Following Dr. Comiskey, Dr. Tom Herrington, the Associate Director of the Urban Coast Institute (UCI), shared his research titled “Climate Change-driven Coastal Migration: State of Our Knowledge and Required Research Questions that Need to Be Answered.” Dr. Herrington began by identifying coastal populations as the most vulnerable to climate change due to sea level rise. Indeed, it is estimated that, by 2100, 13.1 million people in the United States “may be displaced from the coast due to up to six feet of sea level rise.”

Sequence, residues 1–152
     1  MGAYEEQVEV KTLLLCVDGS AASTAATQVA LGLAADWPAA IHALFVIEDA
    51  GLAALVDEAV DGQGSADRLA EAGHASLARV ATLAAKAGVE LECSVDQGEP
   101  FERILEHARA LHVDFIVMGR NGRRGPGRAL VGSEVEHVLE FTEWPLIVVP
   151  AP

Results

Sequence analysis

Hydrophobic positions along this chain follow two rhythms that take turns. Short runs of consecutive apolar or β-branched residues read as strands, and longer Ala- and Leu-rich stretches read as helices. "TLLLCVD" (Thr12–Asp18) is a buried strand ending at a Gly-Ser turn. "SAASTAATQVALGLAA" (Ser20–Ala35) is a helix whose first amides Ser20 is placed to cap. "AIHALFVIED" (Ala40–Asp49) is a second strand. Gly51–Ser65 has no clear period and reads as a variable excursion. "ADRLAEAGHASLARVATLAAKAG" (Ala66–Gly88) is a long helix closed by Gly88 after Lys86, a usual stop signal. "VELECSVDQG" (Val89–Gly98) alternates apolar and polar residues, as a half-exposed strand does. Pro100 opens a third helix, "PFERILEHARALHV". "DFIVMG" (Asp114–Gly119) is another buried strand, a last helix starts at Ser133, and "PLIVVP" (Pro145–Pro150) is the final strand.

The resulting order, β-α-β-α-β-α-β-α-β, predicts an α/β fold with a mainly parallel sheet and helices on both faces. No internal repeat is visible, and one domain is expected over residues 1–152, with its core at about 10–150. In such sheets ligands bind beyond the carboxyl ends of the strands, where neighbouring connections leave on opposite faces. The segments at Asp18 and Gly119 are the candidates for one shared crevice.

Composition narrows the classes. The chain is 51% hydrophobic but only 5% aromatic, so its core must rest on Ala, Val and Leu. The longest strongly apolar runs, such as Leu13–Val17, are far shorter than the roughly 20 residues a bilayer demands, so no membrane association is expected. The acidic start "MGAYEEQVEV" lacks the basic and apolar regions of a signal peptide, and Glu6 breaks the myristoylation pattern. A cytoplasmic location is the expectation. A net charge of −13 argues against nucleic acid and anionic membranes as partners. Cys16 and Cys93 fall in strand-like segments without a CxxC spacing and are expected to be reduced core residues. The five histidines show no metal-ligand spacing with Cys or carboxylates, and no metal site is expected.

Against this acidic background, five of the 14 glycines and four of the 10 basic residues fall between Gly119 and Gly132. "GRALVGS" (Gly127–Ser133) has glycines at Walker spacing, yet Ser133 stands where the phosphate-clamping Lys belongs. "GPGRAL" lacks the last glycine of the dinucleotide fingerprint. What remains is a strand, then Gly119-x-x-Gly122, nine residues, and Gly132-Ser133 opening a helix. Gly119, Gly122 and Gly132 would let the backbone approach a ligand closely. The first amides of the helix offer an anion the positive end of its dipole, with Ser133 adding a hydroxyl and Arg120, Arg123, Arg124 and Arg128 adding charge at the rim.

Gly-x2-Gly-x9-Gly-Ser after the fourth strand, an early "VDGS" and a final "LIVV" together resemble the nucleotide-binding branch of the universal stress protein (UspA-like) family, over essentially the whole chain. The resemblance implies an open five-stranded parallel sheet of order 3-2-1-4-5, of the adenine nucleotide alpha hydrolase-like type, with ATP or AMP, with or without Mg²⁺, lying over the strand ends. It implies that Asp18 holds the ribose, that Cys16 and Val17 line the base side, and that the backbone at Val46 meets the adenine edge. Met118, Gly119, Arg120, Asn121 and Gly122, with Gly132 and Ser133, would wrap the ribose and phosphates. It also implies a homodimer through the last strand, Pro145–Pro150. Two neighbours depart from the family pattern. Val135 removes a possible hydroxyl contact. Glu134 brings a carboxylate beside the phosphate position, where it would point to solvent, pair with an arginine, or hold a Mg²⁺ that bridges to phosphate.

With this in mind, Dr. Herrington asked three core questions: Where will this population relocate to, when will the relocation process begin, and what resources are necessary to prepare? First, he found that people will likely move to an area in close proximity to their original home given relocation’s difficulty. Similarly, he concluded that there is a class component for internal migration: those who come from well-resourced communities have an advantage over those from under-resourced neighborhoods. “Where we have highly resourced or privileged populations, they have a lot of capacity to move or to affect their own outcomes whereas, where we have marginalized, under-resourced communities, they are vulnerable and left with few options,” Dr. Herrington explained, echoing Dr. Grant’s presentation. Furthermore, there is minimal data on the whereabouts of those whom natural disasters have displaced. For example, little is known about what happened to the people who Hurricane Katrina devastated, underscoring the need for further research in this area. Thus, Dr. Herrington encouraged increased research on the matter and emphasized the value of learning from past experiences.